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Evans Monari: Voting Yes for Kenya’s Constitution

monari_072710.jpgDuring my last trip to Kenya on the Georges Tadonki trial, I had the opportunity to develop an association with the lawyer Evans Monari of Daly & Figgis Advocates (photo – center), who is one of the best known business and human rights lawyers in East Africa.  Below is an article Evans has contributed for the blog, and it is a great pleasure and honor to feature these perspectives from such a unique and valuable voice from this region.

TEN REASONS WHY KENYA SHOULD VOTE “YES”

By Evans Monari

All indications point to the proposed constitution being approved by majority of the voters. And here are just ten reasons, why we in Kenya should approve the document and maybe convince the persons still opposing the document.

The national referendum for the proposed constitution is scheduled to be held on August 4, 2010. On that day, Kenyans will vote “yes” or “no” to the question “do you approve the proposed constitution?” it is provided by the Constitution of Kenya Review Act of 2008 that if more than 50% nationally and at least 25% in 5 of the 8 provinces vote “yes” the proposed constitution will be promulgated into law. There is general consensus that the country needs a new constitution, but the question is what kind of constitution does the country require to enable it grow from its current status to new realms of development in line with the developed world?


And does the proposed constitution meet this historic need? Does itaugur well with our socio-economic needs and the unstable politicalreality?

A constitution is the charter that guides the country towards thedestination it has chosen. And below are just ten of the major reasonswhy we as the people should vote ‘yes’ for the proposed draft- the draftwhich meets the needs and demands of our country. (The list is in noway exhaustive neither exclusive).

1) Strengthened Judiciary

The PC will strengthen the judiciary. The current constitution providesthat Judges of the High Court should be appointed by the President withthe consultations with the Judicial Service Commission. All the membersof the JSC are presidential appointees. And therein lies the perceptionthat some judges are appointed to further the President’s agenda. Thisis one of the main reasons that the public has lost faith in judiciary.And it is still clear to our minds that in the year 2007, the OrangeDemocratic Movement claimed that it could not go to court to challengepresidential elections since the judges were deemed to be pro-president.This lack of trust in the judiciary played a major role in fuelling andigniting the disastrous post election violence. These scenarios will beavoided once the draft constitution is enacted since chief judges(Chief Justice and Deputy Chief Justice) will be vetted by NationalAssembly. All other judges will be appointed in accordance with therecommendation by Judicial Service Commission whose composition is moredemocratic, most of the members having been vetted by Parliament. Theprocess of appointing and removing judges is more clear and definedunlike the current scenario. Apart from the usual superior courts ofrecord (High Court & Court of Appeal), a Supreme Court will beformed which will be a rung higher than the Court of Appeal. It’sinsincere of the church and the no camp to use Kadhi Courts as laid outin Article 170 to mislead some citizens. Whether the draft is rejectedor adopted, Kadhi courts will remain in our laws. The decision of JesseKamau & Others ‘invalidating’ the Kadhi Courts in the currentconstitution has not been given effect and it’s not live to theprevailing social-political situation which should always be a keyelement of decisions of such magnitude.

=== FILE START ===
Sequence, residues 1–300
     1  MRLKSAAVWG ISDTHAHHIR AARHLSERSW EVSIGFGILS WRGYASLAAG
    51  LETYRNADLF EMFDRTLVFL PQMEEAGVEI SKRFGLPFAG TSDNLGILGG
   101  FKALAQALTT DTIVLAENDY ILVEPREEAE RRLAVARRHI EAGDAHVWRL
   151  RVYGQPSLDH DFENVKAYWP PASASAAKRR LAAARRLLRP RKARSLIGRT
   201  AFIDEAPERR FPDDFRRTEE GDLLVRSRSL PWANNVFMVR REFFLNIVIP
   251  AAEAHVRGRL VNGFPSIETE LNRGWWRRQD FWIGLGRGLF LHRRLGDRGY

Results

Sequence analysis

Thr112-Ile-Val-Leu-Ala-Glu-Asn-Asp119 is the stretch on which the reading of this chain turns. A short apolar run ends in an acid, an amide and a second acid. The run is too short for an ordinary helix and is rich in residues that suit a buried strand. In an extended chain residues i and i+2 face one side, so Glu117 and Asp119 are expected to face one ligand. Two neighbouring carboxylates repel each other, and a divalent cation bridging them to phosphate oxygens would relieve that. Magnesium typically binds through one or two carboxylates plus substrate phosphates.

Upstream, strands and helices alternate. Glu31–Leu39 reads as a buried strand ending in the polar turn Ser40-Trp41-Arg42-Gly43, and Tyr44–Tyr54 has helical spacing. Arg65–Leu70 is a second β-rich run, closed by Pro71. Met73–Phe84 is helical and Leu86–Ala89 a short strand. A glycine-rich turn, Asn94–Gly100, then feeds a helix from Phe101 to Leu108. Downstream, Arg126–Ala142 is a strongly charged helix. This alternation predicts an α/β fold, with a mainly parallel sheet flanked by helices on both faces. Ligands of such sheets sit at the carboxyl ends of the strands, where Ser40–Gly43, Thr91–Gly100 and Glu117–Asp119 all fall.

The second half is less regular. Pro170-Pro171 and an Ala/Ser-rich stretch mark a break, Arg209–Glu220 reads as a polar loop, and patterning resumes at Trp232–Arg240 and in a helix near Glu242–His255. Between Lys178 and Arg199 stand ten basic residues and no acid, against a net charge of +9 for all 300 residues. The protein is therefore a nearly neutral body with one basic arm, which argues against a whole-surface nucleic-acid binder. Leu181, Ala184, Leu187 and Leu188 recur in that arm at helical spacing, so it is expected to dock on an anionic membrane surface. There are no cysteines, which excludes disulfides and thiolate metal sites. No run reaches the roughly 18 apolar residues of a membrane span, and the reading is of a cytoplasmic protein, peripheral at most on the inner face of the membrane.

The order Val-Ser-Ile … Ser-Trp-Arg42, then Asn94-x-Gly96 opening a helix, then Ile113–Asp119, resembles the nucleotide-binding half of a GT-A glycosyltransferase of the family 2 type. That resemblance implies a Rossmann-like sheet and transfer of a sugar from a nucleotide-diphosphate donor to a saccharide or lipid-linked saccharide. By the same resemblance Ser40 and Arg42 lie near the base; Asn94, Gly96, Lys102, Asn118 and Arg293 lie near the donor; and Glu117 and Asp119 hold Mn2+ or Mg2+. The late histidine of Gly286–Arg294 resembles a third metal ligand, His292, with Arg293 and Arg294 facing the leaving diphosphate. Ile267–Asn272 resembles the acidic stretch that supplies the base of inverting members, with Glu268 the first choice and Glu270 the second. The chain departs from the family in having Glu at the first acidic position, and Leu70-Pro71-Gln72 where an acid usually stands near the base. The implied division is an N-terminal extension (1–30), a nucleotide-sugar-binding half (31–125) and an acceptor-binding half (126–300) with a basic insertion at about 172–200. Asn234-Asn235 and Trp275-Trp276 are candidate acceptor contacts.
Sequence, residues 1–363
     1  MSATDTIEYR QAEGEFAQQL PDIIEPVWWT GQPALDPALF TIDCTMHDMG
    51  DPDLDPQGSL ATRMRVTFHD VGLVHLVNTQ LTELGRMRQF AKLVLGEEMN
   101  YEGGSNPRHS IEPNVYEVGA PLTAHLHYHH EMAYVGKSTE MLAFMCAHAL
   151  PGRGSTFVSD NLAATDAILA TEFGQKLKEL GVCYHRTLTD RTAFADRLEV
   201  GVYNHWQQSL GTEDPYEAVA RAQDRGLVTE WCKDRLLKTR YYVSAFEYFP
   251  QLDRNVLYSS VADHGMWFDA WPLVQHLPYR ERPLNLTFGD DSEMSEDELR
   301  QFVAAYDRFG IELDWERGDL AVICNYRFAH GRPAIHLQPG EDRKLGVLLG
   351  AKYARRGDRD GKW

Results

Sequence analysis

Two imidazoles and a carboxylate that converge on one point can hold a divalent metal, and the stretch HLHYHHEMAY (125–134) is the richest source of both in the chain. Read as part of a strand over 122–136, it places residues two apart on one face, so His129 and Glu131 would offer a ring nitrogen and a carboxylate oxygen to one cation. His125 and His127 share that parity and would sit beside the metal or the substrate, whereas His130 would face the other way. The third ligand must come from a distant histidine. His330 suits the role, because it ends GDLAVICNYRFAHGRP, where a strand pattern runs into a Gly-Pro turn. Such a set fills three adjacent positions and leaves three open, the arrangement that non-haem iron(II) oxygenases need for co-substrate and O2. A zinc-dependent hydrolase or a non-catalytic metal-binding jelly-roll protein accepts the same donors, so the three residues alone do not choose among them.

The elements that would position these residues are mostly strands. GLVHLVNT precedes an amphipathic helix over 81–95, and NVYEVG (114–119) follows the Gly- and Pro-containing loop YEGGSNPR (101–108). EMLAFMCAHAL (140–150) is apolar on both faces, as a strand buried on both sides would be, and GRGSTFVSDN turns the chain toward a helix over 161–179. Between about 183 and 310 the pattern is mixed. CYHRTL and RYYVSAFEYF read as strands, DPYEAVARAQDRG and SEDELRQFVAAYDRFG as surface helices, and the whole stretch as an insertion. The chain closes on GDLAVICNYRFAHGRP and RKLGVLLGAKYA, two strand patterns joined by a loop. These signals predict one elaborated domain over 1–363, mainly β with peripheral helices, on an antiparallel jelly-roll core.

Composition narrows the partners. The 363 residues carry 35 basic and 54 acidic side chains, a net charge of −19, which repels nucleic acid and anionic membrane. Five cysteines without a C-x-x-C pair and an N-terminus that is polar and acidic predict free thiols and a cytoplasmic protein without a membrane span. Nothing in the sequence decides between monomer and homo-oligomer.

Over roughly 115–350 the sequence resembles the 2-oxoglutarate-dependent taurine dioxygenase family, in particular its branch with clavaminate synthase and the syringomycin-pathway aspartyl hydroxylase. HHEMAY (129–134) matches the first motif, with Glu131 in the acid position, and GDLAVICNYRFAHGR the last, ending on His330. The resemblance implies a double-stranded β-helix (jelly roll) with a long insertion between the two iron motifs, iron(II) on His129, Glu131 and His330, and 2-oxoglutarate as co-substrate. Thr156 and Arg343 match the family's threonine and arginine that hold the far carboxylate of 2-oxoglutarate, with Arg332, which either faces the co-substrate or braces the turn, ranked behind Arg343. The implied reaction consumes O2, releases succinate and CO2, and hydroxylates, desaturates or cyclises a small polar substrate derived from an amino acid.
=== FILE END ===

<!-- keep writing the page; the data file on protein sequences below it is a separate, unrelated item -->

2) Land & Property Rights

Article 40 guarantees the right of every citizen to acquire and own landand/or property subject to limitations on non-citizens. The articlegoes further to even protect intellectual property rights (copyrights,patents and trademarks). The same article provides that such benefitsshall not accrue to illegally acquired land. Therefore, the whole ofChapter 5 on land and environment should be read in the light of article40 (which is one of the clauses which cannot be amended without areferendum). The whole of chapter five will be a big step towardsprotection of land rights and the era of illegal incisions andacquisitions should come to an end. Environmental rights are nowenshrined in the constitutional, a big step forward.

3) Lean Efficient Cabinet & Controlled Presidency

In the proposed constitution, the powers of the presidency have beendrastically reduced in comparison with the current constitution.Parliament will have more oversight in how the government is run. Thepresident will not be allowed to appoint more than 22 CabinetSecretaries (Ministers). The fact that cabinet secretaries shall not besitting members of parliament means that they will not have politicalpatronage and therefore can be hired and fired with no fear of losingpolitical patronage. This will avoid the situations in the past whereministers engaged in corruption could not be sacked since the presidentfeared losing the ministers political following. The issue of ministersclaiming that their people are being targeted whenever they are facedwith misconduct shall come to an end.

4) Reformed Attorney General’s Office